“What’s the best way to become more engaged in this security buzz?”
This was just one question I was asked this past week in Illinois. Like other events that I attended over the past year, plenty of people wanted to know how to become a cyber security professional. Several project managers, programmers and even call center specialists asked me how they could “get their careers retooled” in order to move into security. I am seeing this quite a bit around the world.
I had the opportunity to travel to Springfield, Illinois, during this past week to speak at the Illinois Cyber Security Forum. This blog offers some of the highlights, random thoughts and lessons learned during the trip.
I always enjoy comparing notes with other technology and security pros from around the country. I also learn from the questions people are asking, the level of interest expressed, the specific focus areas and what’s on their mind during the breaks as they urgently try to return emails and phone calls.
My biggest take-away was the similarities we are facing regarding cyber as states and local governments and all levels of education. The conversations offered some good validation for me as well as many new professional contacts and follow-up actions.
The event was held immediately following the Illinois Digital Government Summit, and well over two hundred people attended the Cyber Forum from all over Illinois and some surrounding states. I was invited to the event by Rafael Diaz, the Chief Information Security Officer for the State of Illinois. I’ve know Rafael for several years now, and he is a respected colleague who is doing excellent work in a very complex government environment.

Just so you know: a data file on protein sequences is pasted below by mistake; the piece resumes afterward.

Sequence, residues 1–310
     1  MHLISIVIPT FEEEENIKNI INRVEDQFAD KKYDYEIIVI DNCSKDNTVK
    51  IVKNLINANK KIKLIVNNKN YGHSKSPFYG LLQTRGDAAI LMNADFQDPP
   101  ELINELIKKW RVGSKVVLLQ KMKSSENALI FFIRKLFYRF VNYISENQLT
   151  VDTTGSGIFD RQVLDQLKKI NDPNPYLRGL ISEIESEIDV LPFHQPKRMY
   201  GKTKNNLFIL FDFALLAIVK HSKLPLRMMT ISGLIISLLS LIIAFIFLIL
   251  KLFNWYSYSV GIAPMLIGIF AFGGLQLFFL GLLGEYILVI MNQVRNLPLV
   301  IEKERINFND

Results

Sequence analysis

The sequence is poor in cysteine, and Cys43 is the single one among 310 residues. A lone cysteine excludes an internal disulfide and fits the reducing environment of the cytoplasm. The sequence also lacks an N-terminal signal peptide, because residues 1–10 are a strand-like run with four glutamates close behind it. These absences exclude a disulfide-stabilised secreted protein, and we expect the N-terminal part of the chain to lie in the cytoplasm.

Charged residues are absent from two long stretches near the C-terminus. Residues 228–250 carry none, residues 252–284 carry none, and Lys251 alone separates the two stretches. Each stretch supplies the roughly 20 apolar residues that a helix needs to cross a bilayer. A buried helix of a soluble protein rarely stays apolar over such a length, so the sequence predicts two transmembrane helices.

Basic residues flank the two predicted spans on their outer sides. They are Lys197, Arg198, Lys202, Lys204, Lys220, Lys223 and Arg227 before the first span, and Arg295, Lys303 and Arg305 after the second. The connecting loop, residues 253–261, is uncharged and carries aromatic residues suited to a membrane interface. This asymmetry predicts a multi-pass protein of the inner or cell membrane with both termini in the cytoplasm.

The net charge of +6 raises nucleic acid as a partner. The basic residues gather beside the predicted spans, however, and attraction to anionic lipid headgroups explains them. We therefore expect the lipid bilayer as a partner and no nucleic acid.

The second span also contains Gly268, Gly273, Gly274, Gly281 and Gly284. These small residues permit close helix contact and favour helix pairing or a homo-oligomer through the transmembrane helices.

We can learn quite a bit from agendas. Notice the topics covered at the Illinois Digital Summit, the Illinois Cyber Forum as well as the upcoming Michigan Digital Summit:
The topics covered at the Illinois Digital Summit included
The topics covered at the Illinois Cyber Security Forum included:
Topics to be covered at Upcoming Michigan Digital Summit in early October 2012:
As you go through these lists, you see some definite trends emerging around BYOD, Big Data, cross-boundry sharing and various aspects of the serious security threat we face. Securing mobile and "The Cloud" are very hot right now.
In Michigan, we decided to not have a cyber summit in 2012, since we are sponsoring a Michigan Cyber Breakfast Series all over the state. You can view some of those videos here. We will be having a Michigan Cyber Summit in the fall of 2013.
The speakers in Illinois came from both the public and private sectors. I was very impressed with the excellent content at the event, and I noticed that more and more speakers are telling personal stories. I think this is a welcome development to help the audience relate to the complex topics related to cybersecurity.
- BYOD + very mobile are hot
- Big push on securing apps
- The cyber threat is growing
- More students are getting into cyber security
- Business area leaders (as opposed to the technology leaders) are seeing the security need, but are asking specific questions related to their role(s)
- Many questions regarding relevant cyber-awareness training that helps reduce risk
- I was a bit surprised by the lack of public questions. However, questions were flowing rapidly at the reception after the event. Many people feel more comfortable asking questions in a 1x1 situation.